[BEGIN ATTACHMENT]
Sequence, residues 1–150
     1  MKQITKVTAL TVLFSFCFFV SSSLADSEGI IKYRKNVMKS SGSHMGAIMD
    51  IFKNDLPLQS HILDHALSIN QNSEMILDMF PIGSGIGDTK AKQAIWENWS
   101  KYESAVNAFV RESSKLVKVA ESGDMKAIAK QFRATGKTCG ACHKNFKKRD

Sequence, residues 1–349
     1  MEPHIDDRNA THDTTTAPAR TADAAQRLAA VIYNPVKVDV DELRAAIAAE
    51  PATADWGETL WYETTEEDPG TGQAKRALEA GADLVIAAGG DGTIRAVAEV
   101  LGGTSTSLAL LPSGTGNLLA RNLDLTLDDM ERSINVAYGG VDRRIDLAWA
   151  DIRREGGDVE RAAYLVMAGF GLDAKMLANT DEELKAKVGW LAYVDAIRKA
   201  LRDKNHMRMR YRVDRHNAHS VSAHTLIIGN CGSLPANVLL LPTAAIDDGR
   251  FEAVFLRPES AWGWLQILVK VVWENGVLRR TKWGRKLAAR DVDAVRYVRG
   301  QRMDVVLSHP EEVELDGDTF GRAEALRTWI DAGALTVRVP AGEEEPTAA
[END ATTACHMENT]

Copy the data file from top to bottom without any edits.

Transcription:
Sequence, residues 1–150
     1  MKQITKVTAL TVLFSFCFFV SSSLADSEGI IKYRKNVMKS SGSHMGAIMD
    51  IFKNDLPLQS HILDHALSIN QNSEMILDMF PIGSGIGDTK AKQAIWENWS
   101  KYESAVNAFV RESSKLVKVA ESGDMKAIAK QFRATGKTCG ACHKNFKKRD

Sequence, residues 1–349
     1  MEPHIDDRNA THDTTTAPAR TADAAQRLAA VIYNPVKVDV DELRAAIAAE
    51  PATADWGETL WYETTEEDPG TGQAKRALEA GADLVIAAGG DGTIRAVAEV
   101  LGGTSTSLAL LPSGTGNLLA RNLDLTLDDM ERSINVAYGG VDRRIDLAWA
   151  DIRREGGDVE RAAYLVMAGF GLDAKMLANT DEELKAKVGW LAYVDAIRKA
   201  LRDKNHMRMR YRVDRHNAHS VSAHTLIIGN CGSLPANVLL LPTAAIDDGR
   251  FEAVFLRPES AWGWLQILVK VVWENGVLRR TKWGRKLAAR DVDAVRYVRG
   301  QRMDVVLSHP EEVELDGDTF GRAEALRTWI DAGALTVRVP AGEEEPTAA